The Pick and Roll – Ok, now we get to more complex pick play that can generate legitimate scoring chances on a more regular basis. Player A has the ball. Player B sets a pick on the BACK (this is key!) of Player A’s defender, and Player A runs around, or off, the pick. Player B rolls TO THE GOAL (also very important!) as Player A is passing by, stick up, ready to catch a feed. By sealing Player A’s defender to the outside (on the defenders back, right?), Player B is on the inside of his new defender (the defender’s often switch here) and if Player B immediately cust to the goal, they will be wide open for 1-3 seconds. This is a precision play, where timing and confidence in your teammates is key, but it works time and time again.
The Pick and Slip – This is my personal favorite, because it takes a lot of the mystery surrounding “what is a legal pick?” right out of the equation. This is basically a fake pick. Player A has the ball. Player B sets a pick on the back of Player A’s defender, but instead of waiting for Player A to engage the pick play, Player B waits for his defender to turn his head away. When he does that, Player B cuts, or “slips:, to the goal having never really set the pick, with their stick up, ready for a pass from Player A. This one takes timing, precision, silent communication between O guys, and plenty of talent and patience, but it’s beautiful when it works, and since you never set the pick, there’s no chance to get called for an illegal one. That’s a nice added bonus.
The Off Ball Pick – All of the above options can also be done without the ball, on the offside, but some are more effective than others. There is also a separate Off Ball Pick that be used. Player A is high, Player B is low. The ball is on the opposite side. Player B cuts to the middle, then sets a pick on the back of Player A’s defender. Player A uses the pick as they would in the Set Pick scenario, and cuts to the goal looking for a feed from the opposite side. Player B will then either roll, pop, or slip into shooting space and often look for a step down shot. This is extremely common off ball in box lacrosse, where some movement/contact is allowed. For field lacrosse, the best approach is to use a Set Pick style, then pop or roll after Player A passes by. Nothing worse than a moving pick call off ball!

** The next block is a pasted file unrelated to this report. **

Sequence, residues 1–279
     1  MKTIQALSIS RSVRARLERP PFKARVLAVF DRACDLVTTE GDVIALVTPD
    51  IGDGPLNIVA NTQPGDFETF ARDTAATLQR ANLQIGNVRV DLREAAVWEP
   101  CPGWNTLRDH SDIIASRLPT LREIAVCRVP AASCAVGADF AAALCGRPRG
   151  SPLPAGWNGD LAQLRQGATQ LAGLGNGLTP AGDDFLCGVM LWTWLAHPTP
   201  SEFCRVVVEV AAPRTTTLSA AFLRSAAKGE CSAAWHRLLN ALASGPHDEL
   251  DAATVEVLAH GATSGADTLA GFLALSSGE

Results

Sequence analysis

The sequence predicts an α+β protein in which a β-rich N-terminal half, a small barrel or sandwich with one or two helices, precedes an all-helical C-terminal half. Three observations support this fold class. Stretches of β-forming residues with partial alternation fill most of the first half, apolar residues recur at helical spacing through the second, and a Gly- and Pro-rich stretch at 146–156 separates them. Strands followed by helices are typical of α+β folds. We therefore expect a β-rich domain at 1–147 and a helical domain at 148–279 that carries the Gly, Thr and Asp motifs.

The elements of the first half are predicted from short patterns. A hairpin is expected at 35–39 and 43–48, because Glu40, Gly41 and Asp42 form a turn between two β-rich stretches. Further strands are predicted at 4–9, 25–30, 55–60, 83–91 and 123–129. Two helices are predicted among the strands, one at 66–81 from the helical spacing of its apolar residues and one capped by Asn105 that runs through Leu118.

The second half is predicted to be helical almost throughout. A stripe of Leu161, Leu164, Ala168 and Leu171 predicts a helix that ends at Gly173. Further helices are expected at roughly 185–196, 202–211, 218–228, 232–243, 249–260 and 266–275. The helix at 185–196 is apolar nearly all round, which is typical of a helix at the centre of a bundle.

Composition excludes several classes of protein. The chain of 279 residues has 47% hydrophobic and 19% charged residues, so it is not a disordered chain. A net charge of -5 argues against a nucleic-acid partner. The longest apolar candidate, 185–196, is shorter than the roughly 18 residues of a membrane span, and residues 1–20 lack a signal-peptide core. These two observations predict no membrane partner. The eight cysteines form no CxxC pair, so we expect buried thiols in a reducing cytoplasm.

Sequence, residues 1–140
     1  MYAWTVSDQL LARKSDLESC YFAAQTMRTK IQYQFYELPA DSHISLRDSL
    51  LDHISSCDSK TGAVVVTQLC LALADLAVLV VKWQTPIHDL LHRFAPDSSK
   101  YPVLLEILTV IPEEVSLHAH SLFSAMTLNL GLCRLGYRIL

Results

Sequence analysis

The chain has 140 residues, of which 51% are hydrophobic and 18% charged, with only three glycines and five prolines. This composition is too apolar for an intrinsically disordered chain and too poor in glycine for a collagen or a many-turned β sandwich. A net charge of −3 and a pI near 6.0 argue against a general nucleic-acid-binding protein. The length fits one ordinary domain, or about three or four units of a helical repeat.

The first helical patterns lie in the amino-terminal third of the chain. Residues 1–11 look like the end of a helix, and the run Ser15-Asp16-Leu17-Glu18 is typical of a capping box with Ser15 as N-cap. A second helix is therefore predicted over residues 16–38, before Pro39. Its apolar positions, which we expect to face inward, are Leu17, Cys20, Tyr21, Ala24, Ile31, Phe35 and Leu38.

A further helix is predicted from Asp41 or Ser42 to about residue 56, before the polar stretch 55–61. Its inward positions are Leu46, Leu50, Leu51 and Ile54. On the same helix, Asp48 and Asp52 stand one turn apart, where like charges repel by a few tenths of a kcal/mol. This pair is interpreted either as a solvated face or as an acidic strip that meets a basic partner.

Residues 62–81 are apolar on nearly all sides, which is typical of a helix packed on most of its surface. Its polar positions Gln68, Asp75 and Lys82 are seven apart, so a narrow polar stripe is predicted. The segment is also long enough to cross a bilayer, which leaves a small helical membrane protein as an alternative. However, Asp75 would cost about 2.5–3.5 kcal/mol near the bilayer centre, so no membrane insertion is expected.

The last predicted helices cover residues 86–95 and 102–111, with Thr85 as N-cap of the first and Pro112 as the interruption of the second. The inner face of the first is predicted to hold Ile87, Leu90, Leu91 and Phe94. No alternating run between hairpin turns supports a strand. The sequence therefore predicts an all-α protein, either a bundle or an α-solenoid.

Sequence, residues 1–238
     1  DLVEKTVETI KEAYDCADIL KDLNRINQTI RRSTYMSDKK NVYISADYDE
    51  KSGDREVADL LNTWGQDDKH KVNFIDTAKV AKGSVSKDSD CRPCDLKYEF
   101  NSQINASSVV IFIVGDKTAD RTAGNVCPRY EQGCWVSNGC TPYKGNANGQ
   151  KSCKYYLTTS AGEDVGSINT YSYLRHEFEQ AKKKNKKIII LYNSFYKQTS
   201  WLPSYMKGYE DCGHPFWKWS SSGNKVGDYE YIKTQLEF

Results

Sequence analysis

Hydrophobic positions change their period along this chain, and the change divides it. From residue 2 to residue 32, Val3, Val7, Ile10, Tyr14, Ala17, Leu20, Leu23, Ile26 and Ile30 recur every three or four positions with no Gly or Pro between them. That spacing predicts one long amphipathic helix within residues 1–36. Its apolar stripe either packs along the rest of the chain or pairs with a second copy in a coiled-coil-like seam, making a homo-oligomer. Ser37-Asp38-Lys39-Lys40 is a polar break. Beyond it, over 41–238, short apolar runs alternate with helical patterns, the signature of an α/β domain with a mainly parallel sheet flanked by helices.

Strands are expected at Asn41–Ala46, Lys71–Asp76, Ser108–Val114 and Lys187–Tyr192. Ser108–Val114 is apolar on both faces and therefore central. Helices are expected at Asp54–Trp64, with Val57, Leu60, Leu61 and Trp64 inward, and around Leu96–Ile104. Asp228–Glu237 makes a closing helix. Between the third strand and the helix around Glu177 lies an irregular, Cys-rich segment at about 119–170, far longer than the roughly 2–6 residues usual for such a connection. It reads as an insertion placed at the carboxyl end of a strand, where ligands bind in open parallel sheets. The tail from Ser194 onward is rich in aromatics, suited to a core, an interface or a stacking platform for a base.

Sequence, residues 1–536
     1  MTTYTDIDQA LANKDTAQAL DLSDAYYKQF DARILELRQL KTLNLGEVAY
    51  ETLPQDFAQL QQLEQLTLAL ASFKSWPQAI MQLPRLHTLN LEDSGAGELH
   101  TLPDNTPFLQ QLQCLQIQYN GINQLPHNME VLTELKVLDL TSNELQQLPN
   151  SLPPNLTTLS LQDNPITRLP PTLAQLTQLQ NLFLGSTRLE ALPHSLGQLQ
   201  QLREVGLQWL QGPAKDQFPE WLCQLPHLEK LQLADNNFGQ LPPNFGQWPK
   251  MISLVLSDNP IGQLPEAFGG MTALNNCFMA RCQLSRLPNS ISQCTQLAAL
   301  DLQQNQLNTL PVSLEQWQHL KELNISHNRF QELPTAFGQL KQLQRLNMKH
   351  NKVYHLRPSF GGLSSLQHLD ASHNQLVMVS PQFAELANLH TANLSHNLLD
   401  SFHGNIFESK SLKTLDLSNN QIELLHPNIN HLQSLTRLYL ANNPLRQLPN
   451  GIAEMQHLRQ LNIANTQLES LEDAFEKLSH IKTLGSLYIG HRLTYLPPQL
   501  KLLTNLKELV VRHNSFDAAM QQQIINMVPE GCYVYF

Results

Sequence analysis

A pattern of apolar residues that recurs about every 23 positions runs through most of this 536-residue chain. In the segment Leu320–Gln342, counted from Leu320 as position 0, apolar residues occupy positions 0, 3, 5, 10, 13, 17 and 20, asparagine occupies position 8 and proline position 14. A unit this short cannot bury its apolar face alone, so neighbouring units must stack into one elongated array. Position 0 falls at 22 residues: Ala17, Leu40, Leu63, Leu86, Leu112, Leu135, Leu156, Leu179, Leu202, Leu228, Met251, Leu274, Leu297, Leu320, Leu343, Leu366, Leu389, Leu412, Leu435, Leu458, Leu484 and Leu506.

All of this takes some timing and trust, and players will only be open for a short window, but they will often be SUPER open, and if it’s something you practice, it becomes a lot easier. It will not happen on its own.
How To Use The Pick Play In Lacrosse
If the members on a team have not done a lot of pick play or tight passing, it doesn’t matter if they all have great stick skills. This is about more than just stick work, and it will take time for any team to introduce effective pick play into their game. Of course great stick skills don’t hurt! That being said, if a team doesn’t have great stick work overall, the pick play can still work, just not nearly as well.
The first thing to think about is how a team wants to use the pick play. Do they want to use it move the ball or change match ups? Do they want to create scoring chances? How many guys can really handle the ball in tight? Can the backside be involved with off ball stuff? Where do a team’s strengths lay? Do they have shooters? Feeders? Dodgers? If the players aren’t flourishing in tight spaces, does the team run a spread offense? Could they work pick play into that to create more space and lengthen slides?
When it comes to pick play being utilized effectively, it often comes down to a team finding a way to use the pick to ADD to their existing strengths.
When I coach the pick play, I focus on the following points of emphasis:
- The PICKING PLAYER should set their pick early, with feet set and eyes up.
- The BALL CARRIER bears the responsibility to engage or use the pick.
- If the BALL CARRIER does not use the pick, the PICKING PLAYER should NOT try to reset the pick. This often leads to moving pick calls.
- Picks are NEVER set to the side of a player. Picks are always on a defender’s back.
- After setting a pick, the PICKING PLAYER always cuts directly to the goal, stick up!
- The above is done to force the defense to honor and worry about the pick every time and discourage double teams while forcing the D to make a decision.
- All offensive players must keep their sticks up by their ears. Ready to catch or pass!
- If nothing is there, move the ball immediately, set Off Ball Pick. Repeat. Repeat. Repeat.
- I am constantly preaching about creating and controlling chaos.
- KNOW that split seconds openings are coming, so be prepared for them, both as a feeder and receiver.
- Eyes can be your best communication tool.
- Stay engaged.
- Trust your teammates.
- Earn your teammates trust.
- Keep an eye on your defender. If they lose you for even a second, cut to the goal!
None of these are “set” rules. They are simply guidelines for success. And when players listen, and take it to heart, it can work wonders.
It’s easy to get frustrated or give up on the pick play in lacrosse. It’s easy to write it off as a “box thing”. Because early on it likely look UGLY. There will be a ton of mistakes. Players will make bad passes, or get hit in the face mask because they weren’t expecting a good one. Do not give up hope! While it takes time to master (or even grasp) this skill set, it is one that can off in big ways.
The pick play in lacrosse allows ANY team to create chaos. If they can manage it, the pick play can also produce points. A smaller, slower, less athletic team won’t win a lot of 1 on 1 match ups in most cases. But if they can play team ball, a team with skill and cohesion can run with anyone. The pick play opens up a lot of doors for any team willing to put in the work, and that’s why we have seen, and will continue to see, more and more pick play at all level of lacrosse.